PG-13 | 116 min | Mystery, Sci-Fi, Thriller
Review - Kathryn Waite for The MungleShow


Synopsis: In this provocative psychological science fiction thriller, an extremely wealthy man (Academy AwardÆ Winner Ben Kingsley) dying from cancer undergoes a radical medical procedure that transfers his consciousness into the body of a healthy young man (Ryan Reynolds). But all is not as it seems when he starts to uncover the mystery of the bodyís origin and the organization that will kill to protect its cause.

ReviewWhat would you do with the chance to be young and beautiful again? That is the question posed in the summer flick Self/less. From partying to women to fast cars, the sky is the limit if you have the chance to do it all again with the knowledge you have gained in life already. A new life, a new body, a fresh start is just a procedure (and a small fortune) away.  But what is the price for such a once-in-a-lifetime offer? While this sci-fi thriller seeks to answer these questions, it stays just below the marking of a becoming a great movie.
                The wealthy and powerful business man Damian (Ben Kingsley) has everything one could want, except more time. After being diagnosed with a form of terminal cancer, Damian decides to undergo a radical and extremely secretive procedure to place his consciousness into the body of a genetically composed specimen (which is a pretty accurate way to describe hunky Ryan Reynolds). With the procedure being a success, Damian starts to live the high life in his new bodyÖ until he begins to see strange things. The head scientist of the company, Dr. Albright (Matthew Goode) never gives Damian a straight answer on any of his concerns. Once Damian discovers the shocking truth about where his new body came from, he begins a mission that could put himself and those he cares about into great trouble.
                This film has a great premise. It is slightly reminiscent of an episode of The Blacklist season 1, mixed with a Twilight Zone feel, and the chases of a Transporter movie. Self/less makes a passable movie cocktail. The main downside however, it the overall lack of focus on the science fiction of the premise which is a shame considering how intriguing it is. The story loses the plot substance for action and mystery. Damian has a daughter named Claire (The sublime Michelle Dockery) but their relationship from what we are shown is the stereotypical ìDad was more focused on business and money than on me, so Iím a bitter and distant daughterî. The film would have benefitted from focusing more on that relationship instead of only giving them two paltry scenes together.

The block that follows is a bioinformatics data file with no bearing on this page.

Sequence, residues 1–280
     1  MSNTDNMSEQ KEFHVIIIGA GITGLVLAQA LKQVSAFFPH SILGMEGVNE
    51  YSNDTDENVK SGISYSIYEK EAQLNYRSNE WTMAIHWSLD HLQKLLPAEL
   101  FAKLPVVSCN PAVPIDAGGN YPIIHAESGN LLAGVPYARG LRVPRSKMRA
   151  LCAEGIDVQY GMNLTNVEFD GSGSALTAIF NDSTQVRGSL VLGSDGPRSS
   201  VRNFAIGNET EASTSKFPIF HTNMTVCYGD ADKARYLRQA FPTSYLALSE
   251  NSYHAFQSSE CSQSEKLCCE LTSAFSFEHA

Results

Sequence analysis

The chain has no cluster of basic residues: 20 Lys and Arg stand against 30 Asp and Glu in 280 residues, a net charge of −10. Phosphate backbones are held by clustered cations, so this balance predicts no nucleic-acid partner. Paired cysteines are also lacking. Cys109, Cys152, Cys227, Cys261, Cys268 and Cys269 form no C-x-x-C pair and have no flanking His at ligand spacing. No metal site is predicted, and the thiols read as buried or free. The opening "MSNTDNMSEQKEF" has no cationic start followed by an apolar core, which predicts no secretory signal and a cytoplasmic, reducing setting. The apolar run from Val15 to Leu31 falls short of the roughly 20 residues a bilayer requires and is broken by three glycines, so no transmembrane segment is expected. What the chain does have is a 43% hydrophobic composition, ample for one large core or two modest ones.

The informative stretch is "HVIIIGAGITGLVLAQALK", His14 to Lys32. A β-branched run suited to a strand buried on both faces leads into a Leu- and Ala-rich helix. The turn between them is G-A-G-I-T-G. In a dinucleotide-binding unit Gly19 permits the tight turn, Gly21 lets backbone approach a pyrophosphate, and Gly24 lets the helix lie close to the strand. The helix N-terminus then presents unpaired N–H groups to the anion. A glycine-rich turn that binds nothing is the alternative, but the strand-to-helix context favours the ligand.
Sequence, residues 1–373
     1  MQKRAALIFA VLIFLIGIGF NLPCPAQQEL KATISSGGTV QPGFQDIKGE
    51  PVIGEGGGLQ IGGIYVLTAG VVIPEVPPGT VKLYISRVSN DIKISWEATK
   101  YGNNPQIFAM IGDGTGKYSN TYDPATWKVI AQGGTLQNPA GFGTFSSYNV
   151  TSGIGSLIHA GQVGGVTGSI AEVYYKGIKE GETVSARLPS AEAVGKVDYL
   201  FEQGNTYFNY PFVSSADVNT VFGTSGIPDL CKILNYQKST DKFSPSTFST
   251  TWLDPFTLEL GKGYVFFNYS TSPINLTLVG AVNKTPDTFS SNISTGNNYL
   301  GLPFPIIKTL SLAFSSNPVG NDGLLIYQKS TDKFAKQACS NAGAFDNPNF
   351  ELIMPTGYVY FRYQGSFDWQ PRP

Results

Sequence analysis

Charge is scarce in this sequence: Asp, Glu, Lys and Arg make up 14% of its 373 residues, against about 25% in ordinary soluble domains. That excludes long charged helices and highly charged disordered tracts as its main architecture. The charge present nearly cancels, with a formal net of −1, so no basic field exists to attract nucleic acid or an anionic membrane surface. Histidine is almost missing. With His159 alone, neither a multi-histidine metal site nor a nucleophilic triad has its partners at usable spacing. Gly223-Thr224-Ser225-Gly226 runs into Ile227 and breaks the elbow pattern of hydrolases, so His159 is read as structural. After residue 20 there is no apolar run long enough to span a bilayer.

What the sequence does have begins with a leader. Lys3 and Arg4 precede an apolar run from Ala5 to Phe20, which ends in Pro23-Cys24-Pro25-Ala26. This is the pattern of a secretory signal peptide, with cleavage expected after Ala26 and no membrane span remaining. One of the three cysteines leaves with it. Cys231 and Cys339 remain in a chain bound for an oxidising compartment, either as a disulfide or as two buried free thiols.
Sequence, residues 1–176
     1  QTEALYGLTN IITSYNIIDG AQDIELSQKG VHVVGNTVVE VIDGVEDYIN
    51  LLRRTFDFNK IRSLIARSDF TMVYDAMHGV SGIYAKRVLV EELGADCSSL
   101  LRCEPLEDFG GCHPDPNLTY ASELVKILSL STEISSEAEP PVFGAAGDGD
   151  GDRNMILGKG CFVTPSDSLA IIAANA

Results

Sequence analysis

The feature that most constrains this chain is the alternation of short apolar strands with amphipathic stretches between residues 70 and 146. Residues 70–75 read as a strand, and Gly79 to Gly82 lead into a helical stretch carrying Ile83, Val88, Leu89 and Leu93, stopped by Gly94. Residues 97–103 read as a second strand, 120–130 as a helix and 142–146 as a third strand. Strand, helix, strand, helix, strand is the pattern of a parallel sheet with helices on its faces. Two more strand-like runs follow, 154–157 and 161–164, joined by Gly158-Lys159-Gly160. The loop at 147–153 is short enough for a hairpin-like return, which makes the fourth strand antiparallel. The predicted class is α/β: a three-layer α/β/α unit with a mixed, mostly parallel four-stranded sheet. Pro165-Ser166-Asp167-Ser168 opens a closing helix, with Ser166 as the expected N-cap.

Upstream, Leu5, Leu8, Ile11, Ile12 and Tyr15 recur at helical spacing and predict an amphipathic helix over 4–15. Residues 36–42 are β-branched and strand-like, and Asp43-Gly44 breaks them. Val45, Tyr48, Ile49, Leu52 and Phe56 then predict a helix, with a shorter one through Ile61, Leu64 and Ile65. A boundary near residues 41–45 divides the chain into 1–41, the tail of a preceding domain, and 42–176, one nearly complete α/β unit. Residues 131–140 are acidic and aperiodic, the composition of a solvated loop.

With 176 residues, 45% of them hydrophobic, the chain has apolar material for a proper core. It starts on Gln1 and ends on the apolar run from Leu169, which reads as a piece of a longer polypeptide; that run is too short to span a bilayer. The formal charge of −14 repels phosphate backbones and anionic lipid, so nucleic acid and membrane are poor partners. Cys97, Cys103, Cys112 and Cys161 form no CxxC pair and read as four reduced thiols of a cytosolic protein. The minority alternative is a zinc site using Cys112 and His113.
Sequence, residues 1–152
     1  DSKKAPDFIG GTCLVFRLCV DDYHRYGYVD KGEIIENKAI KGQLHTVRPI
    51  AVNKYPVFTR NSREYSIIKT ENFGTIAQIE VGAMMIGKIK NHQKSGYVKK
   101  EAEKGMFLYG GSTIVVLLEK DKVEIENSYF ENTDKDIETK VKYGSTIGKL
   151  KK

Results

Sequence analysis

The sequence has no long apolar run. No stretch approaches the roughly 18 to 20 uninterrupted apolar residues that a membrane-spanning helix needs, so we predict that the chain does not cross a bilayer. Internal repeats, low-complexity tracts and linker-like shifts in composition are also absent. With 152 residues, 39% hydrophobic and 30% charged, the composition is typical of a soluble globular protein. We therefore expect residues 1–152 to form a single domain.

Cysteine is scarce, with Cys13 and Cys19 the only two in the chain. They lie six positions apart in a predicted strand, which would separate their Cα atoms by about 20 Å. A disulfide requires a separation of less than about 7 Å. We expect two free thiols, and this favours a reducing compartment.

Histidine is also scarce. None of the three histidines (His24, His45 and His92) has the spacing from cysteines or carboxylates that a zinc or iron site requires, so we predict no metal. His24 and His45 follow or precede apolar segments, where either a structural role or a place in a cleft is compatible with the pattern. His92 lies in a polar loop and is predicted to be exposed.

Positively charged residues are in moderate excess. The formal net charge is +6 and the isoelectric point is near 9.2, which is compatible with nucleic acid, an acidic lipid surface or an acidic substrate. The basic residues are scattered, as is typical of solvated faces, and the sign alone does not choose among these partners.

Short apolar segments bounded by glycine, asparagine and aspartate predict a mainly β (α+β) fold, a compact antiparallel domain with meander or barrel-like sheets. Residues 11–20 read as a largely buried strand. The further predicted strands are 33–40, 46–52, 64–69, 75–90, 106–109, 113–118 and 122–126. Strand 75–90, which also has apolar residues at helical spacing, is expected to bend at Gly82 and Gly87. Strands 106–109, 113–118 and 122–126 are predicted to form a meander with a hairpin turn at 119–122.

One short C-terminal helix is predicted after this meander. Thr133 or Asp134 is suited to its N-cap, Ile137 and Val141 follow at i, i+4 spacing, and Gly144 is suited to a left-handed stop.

There are some positives to the movie. While the story did not have much depth, the cast certainly worked very well with what they were given. I thoroughly enjoyed Victor Garberís supporting role as Damianís longtime friend Martin. He portrays a wide range of emotion throughout the film, but does not stand out too much to take away from Kingsley or Reynolds. The lighting and mood setting were expertly executed. From lush country fields to urban jungles, the cinematography definitely gets praise.
                The movie is rated PG-13 for sequences of violence, some sexuality, and language. The rating is very fair for the content of the film. The sexuality is only for a brief scene where young Damian is enjoying the clothed company of a woman. The violence and language are not overused. I do not think anyone under 13 would care to see this movie anyway. This is a good early-bird special kind of flick, but not worth paying full evening price for.
                I give Self/less a two and a half out of five red pills. Much like the filmís storyline, the concept is cool and interesting on the surface but once dug into, it is easy to spot issues or places where your questions donít get answers.

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